And Russian reservists were given firepower training during a three day camp, according to reports citing military sources.

They were trained in firing small arms and using RPG-7 anti-tank grenade launchers at the Prudboy combined arms range in Volgograd region. 

Ukraine’s flag flies as President Volodymyr Zelensky salutes the troops in Kharkiv on Monday during Ukraine’s Day of the Armed Forces

Putin has made preparations to invade Ukraine but it’s unclear he’s made the final decision to do so, a senior US administration official said on Monday.

The official noted the US was ready to show a ‘combination of support for the Ukrainian military, strong economic countermeasures, and the substantial increase in support and capability to our NATO allies’ if Moscow moved forward with an attack.

The official briefed reporters on the situation in the Ukraine ahead of Biden’s call with Putin on Tuesday.

Taking a tough tone ahead of the conversation between the two leaders, the official noted that the U.S. and Europeans are prepared to place ‘substantial economic’ sanctions on Russia should Putin invade the Ukraine – a message President Biden will send during the virtual talk with his Russian counterpart. 

While the official wouldn’t commit to the United States putting boots on the ground in the Ukraine to help President Volodymyr Zelensky, the person did say that in the event of an invasion, the US would offer reassurance to NATO allies with additional forces. 

‘To be clear, we do not know whether President Putin has made a decision about further military escalation in Ukraine. But we do know that he is putting in place the capacity to engage in such escalation should he decide to do so. We’ve seen this Russian playbook before in 2014 when Russia last invaded Ukraine,’ the senior administration official said.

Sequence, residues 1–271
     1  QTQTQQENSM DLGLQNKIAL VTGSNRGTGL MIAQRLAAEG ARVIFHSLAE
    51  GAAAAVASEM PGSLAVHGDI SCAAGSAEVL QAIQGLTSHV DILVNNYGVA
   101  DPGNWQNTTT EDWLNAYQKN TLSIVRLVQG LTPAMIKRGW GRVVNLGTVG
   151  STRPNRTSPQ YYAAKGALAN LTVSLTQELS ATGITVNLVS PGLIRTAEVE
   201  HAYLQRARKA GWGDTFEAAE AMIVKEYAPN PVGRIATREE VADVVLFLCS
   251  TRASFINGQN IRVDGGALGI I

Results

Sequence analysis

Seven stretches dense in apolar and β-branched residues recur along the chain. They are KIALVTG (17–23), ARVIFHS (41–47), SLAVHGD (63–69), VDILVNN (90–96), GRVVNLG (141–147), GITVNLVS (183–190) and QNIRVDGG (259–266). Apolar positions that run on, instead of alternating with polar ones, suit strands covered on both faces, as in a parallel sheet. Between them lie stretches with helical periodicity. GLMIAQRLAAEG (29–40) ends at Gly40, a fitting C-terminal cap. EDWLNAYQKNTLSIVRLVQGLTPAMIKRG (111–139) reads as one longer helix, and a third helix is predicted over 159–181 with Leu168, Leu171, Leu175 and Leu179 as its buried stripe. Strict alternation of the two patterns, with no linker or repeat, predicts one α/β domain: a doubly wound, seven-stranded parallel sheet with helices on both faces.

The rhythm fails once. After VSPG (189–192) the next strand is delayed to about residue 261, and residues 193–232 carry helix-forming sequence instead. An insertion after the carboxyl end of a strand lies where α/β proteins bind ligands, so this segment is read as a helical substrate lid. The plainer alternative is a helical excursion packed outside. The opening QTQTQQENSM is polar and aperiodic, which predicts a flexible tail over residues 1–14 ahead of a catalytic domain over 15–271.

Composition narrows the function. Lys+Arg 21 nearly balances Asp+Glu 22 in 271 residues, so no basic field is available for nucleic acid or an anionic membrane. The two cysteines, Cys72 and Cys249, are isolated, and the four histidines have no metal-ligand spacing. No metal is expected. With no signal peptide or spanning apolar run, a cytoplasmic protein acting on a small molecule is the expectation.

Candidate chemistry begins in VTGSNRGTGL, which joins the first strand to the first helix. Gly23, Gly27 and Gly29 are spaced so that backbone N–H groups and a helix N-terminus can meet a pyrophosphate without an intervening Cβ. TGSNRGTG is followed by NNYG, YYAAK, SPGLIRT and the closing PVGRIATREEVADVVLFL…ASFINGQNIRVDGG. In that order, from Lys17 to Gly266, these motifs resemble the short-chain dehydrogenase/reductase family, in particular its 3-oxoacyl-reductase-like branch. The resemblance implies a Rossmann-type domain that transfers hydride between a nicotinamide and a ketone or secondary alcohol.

‘We have seen the movement of additional capabilities and forces to the vicinity of Ukraine in multiple different areas. And these movements are consistent with the planning that we see underway for a military escalation in Ukraine,’ the official added. 

The official added that Russia could still choose a ‘different course’ and the Biden administration is encouraging Moscow to ‘return to dialogue through diplomatic avenues.   

On Monday night, The White House said: ‘Today, President Emmanuel Macron of France, Chancellor Angela Merkel of Germany, Prime Minister Mario Draghi of Italy, Prime Minister Boris Johnson of the United Kingdom, and President Biden of the United States held a call. 

‘The leaders discussed their shared concern about the Russian military build-up on Ukraine’s borders and Russia’s increasingly harsh rhetoric. 

‘They called on Russia to de-escalate tensions and agreed that diplomacy, especially through the Normandy Format, is the only way forward to resolve the conflict in Donbas through the implementation of the Minsk Agreements. 

‘The leaders underscored their support for Ukraine’s sovereignty and territorial integrity. 

‘They agreed that their teams will stay in close touch, including in consultation with NATO allies and EU partners, on a coordinated and comprehensive approach.’ 

Marines of the Caspian Flotilla conducted exercises at the Adanak training range in Dagestan

Marines of the Caspian Flotilla conducted exercises at the Adanak training range in Dagestan

The situation in the Ukraine is expected to be the dominate topic of Biden and Putin’s conversation, White House press secretary Jen Psaki said on Monday. 

‘It’s also an opportunity to discuss a range of topics in the US and Russia relationship including strategic stability, cyber and regional issues, but you can certainly expect that the our concerns about the military activities on the border will be a prominent part of the discussion,’ she said at her press briefing of the Tuesday call. 

‘I think our objective from the beginning of the president’s time in office has not been to escalate the relationship but has been to move to a more stable footing in the relationship,’ she noted.